Gustav Wallas mixes, in his films, science fiction, esoteric culture and mythology of travel through the galaxies. His quest, nourished by tantric spiritualism, aspires to a discovery of the unknown. Thus, we see him appear at night, trying to access the temple, namely the Museum of Modern Art of the City of Paris, whose heavy bronze door remains hermetically closed. Then, several symbolic figures follow one another quickly on the screen, in a continuous scroll: the phoenix, the divine triangle, the burst of auroral or boreal lights, planetary spheres, spaceships, signs indicating concepts and places mythical, such as the “evil empire” and the “old castle”, the signage of the runway of an airport seen from the plane which moves away after having left the ground, even the satanic and necromorphic face with phosphorescent eyes of Gyen who, according to the master Gampopa, is the personification of evil concretized by “the conditioning world” which distorts the life of the human being, etc. The hexagonal star resulting from two equilateral triangles, one inverted on the other, results in a volumetric, symmetrical and complex structure, which is reminiscent either of the symbols of the Rose-Croix, or of the polyhedrons drawn by Leonardo for the work From Divina Proportione by the mathematician monk Luca Pacioli. Celtic culture is assumed by the reference to the mythical island of Avalon, a veritable sanctuary of the spiritual cult of Light, where, according to Arthurian legend, lived the High Priestess Viviane, the Lady of the Lake, Merlin the enchanter, King Arthur and the Fairy Morgana. In the films of Gustav Wallas, the successive windows of vision always open in the center of the screen whose visual content, sometimes with specular doubling, is constantly symmetrical. Intermittently, the image is suddenly altered by a regular anamorphic movement, concentric circles which reveal its ephemeral nature as a simple reflex on an expanse of water because, still according to the Buddhism of the master Gampopa, the appearances of the world are not only illusions behind which more mystical issues are played out. The soundtrack combines spacecraft noises, the sound of electric guitar and the human voice filtered by technological instruments and emphasized by its origin from outer space. Also part of the research conducted for these films are drawings of huge Pack Boats and other fantastically shaped spacecraft moving in the sky above the snow-capped mountains of Tibet. Also remarkable are the images in which Gustav Wallas depicts himself, as an artist, as a winged creature that bears witness to the promises of a new era of humanity.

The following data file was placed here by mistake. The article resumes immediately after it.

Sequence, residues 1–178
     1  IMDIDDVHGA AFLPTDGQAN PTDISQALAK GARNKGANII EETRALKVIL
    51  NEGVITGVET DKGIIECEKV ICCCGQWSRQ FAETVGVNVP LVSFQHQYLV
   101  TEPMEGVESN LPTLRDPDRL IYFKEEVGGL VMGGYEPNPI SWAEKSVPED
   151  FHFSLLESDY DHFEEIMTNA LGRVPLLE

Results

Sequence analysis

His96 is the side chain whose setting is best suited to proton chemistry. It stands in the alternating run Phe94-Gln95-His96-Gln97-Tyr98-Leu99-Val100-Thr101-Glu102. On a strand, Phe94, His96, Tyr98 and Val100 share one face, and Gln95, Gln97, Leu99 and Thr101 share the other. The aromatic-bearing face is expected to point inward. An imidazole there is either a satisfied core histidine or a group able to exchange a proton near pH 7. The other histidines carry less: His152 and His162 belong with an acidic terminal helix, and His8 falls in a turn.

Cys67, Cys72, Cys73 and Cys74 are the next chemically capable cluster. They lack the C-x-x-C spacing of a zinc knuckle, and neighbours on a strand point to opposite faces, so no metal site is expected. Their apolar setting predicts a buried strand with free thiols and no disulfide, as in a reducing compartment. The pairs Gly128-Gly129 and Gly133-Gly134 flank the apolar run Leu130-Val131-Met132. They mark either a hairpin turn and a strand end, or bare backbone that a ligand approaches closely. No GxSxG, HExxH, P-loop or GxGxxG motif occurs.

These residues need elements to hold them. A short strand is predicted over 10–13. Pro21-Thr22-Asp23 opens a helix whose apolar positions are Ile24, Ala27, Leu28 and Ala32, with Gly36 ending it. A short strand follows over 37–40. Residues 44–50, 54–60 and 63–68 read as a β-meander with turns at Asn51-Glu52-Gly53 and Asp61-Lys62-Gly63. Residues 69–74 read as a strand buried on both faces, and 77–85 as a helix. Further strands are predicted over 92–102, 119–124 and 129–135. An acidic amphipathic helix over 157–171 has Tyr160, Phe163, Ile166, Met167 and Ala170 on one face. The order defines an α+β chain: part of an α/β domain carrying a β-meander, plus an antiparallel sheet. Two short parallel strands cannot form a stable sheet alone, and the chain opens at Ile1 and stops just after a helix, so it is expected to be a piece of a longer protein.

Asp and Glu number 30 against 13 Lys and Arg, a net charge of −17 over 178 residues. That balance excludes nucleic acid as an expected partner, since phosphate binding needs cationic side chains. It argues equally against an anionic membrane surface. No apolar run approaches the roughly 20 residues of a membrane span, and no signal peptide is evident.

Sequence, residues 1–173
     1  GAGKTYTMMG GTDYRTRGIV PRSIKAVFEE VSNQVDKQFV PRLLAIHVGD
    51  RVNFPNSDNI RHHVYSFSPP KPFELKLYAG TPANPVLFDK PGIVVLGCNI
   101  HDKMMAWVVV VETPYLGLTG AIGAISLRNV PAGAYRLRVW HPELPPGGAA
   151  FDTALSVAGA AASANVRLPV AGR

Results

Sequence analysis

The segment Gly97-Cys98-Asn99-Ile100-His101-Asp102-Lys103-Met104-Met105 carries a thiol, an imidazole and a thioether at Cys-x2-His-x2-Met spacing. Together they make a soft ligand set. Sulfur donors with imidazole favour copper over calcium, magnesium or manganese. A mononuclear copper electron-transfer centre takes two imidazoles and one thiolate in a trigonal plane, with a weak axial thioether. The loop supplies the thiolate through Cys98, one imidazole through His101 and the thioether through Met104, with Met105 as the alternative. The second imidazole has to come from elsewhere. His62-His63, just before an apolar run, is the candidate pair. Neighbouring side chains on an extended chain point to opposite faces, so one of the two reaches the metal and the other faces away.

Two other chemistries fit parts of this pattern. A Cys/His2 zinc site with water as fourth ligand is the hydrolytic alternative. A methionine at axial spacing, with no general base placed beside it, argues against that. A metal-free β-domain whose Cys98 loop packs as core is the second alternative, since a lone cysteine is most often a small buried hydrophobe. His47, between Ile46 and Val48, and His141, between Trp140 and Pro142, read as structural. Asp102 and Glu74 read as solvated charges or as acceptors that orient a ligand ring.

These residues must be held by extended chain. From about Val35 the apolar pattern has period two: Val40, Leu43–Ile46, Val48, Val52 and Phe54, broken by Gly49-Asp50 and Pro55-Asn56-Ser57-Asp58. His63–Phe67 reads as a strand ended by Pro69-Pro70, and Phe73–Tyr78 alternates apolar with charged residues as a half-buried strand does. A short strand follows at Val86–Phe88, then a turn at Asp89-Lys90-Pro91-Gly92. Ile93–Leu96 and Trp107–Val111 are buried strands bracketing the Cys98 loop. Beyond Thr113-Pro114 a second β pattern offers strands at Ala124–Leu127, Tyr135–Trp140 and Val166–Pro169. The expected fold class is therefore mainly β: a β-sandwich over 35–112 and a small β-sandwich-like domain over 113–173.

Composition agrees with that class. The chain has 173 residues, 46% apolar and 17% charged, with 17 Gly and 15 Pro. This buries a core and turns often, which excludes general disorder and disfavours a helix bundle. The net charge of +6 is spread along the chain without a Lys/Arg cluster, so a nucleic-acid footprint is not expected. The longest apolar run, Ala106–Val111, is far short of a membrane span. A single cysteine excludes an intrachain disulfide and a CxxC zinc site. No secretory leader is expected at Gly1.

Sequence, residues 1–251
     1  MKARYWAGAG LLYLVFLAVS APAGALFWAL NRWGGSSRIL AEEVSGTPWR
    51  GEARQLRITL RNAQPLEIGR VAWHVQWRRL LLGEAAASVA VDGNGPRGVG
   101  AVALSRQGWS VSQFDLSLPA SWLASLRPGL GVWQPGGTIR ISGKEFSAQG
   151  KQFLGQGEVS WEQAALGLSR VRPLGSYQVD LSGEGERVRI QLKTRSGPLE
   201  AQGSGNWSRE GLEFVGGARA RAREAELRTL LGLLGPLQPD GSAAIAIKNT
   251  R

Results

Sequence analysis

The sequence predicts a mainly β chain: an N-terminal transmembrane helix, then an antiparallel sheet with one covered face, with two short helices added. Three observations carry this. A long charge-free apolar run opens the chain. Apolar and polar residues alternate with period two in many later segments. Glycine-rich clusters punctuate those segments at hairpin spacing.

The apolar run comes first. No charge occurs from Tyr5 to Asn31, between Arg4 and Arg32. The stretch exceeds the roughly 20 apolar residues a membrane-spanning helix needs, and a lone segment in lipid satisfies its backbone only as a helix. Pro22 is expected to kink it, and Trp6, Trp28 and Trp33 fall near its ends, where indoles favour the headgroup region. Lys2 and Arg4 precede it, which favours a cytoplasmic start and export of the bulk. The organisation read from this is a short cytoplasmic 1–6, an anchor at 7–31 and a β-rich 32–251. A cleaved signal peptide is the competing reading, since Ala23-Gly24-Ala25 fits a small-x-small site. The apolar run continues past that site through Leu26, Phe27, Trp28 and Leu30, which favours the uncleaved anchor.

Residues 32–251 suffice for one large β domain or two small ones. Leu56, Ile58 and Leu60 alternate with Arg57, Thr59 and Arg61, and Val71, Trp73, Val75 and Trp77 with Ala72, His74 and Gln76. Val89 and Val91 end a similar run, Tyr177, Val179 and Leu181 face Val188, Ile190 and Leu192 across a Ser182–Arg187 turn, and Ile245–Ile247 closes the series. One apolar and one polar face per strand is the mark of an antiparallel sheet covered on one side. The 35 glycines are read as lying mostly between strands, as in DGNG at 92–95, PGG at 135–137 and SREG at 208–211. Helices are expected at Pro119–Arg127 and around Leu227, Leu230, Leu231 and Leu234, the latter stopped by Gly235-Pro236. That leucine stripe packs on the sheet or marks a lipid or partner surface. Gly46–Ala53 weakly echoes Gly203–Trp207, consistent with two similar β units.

Gustav Wallas, who believes that music is what energizes existence and brings life to an elsewhere, painted in oil, in early 2013, the painting entitled The Group, a transitional work showing an orchestra of four musicians, characters whose monochrome image already appeared in his films. These are rockers stranded on some shore or an island lost in the sea, with all their technological equipment, speakers, tuners, batteries, cables and other keyboards. The whole is treated in shimmering colors, blues and pinks crossed with gold. These rockers are very young men, slender ephebes with abundant hair and an androgynous look. Their pensive attitude, the bluish and dreamlike mist that surrounds them, time as if suspended give them both a romantic and angelic dimension. Through a process of idealization and an assimilation of angels to modern astronauts, these adolescents will become, in the works of Gustav Wallas, angel-astronauts. He will make them the protagonists of a spiritual and cosmic journey, even the incarnations of the five elements of the universe according to Chinese cosmology. After this transitional work, Gustav Wallas abandoned oil painting and preferred to use light mediums such as pencil for drawing and watercolor for color, thus excluding a strong material presence from the work. He also sticks, almost always, to the square format which immobilizes the gaze and invites an attitude of contemplation. His idealizing approach relies on allegories conceived as so many evocative visions of a future world.